- The villages around Bourne, Lincolnshire, England -
ALL THE ATTRACTIVENESS of a hillside village can be found at Castle Bytham, eight miles south west of Bourne: a little stream in the valley, flowing to the River Glen, the houses on one side climbing to the hilltop church, and on the other side the great earthwork remains of a castle built by Norman lords but long since vanished.
The huge grassy site is still an impressive spectacle and it is not difficult to picture a strong fortress standing here, dating back to the Norman invasion of Saxon England in 1066. The Saxon owner of this site was Morcar, a Northumbrian earl who vainly tried to resist William the Conqueror and died in prison while his stronghold, finished by the Conqueror’s own half-brother Odo, stood until it was swept away in the Wars of the Roses and today the site is occupied only by the sheep.
The short stretch of road immediately below the village High Street is Heathcote Road, one of the most attractive in Castle Bytham and is named in memory of the Heathcote family who were landlords here in centuries past. Their interest in this village dates back to the 18th century when they had already become major landowners in the parish.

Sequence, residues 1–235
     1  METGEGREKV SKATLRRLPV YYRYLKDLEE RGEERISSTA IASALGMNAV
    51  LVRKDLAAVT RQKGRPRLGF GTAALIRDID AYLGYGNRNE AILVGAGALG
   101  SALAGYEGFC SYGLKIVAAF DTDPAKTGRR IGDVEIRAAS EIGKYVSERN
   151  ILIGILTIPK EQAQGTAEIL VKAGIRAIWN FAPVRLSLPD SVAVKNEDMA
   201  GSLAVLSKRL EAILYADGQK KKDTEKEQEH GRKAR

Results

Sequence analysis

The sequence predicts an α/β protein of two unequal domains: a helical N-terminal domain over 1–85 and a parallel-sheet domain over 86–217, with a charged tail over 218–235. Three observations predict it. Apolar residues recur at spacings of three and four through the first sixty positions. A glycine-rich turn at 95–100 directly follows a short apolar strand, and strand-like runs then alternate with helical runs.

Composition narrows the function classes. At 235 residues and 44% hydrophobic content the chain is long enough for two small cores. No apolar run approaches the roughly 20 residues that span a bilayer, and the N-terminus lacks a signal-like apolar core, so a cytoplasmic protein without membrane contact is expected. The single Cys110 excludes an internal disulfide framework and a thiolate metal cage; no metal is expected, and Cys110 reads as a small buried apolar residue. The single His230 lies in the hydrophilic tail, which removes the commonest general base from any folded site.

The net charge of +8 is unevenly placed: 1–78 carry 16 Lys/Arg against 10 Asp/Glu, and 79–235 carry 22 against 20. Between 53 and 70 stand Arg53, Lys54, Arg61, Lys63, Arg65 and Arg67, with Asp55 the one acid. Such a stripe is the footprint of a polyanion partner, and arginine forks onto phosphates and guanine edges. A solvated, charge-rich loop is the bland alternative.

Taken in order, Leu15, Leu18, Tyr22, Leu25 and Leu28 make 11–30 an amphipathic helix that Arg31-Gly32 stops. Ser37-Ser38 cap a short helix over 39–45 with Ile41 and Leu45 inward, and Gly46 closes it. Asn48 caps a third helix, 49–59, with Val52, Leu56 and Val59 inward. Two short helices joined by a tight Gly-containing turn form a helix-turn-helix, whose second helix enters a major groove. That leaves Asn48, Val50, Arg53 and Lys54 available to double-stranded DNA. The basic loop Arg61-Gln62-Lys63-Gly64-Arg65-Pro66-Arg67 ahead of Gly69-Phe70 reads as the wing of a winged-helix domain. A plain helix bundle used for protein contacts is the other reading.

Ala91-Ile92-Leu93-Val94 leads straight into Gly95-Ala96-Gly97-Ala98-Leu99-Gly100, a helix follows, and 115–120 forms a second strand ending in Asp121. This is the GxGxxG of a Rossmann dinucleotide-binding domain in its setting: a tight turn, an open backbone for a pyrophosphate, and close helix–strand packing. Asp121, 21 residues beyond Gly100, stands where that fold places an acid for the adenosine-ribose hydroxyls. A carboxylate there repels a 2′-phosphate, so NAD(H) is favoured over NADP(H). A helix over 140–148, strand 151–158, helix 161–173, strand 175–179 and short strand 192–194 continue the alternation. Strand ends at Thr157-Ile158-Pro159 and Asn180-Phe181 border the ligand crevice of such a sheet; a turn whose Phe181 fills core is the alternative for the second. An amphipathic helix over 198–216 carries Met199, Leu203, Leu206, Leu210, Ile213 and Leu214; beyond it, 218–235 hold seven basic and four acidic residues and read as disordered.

A map of 1858 shows that Robert Heathcote had by that time bought out most of the smaller landowners but when he died in 1917 his entire estate was sold at public auction, a total of 46 lots comprising 1,285 acres of land, several farms, the lime quarry, the Post Office, two inns and many private houses, cottages and woodland. The sale led to the slow but inevitable demise of the landlord and tenant relationship and to the situation today in which the majority of these properties in the village are now privately owned.
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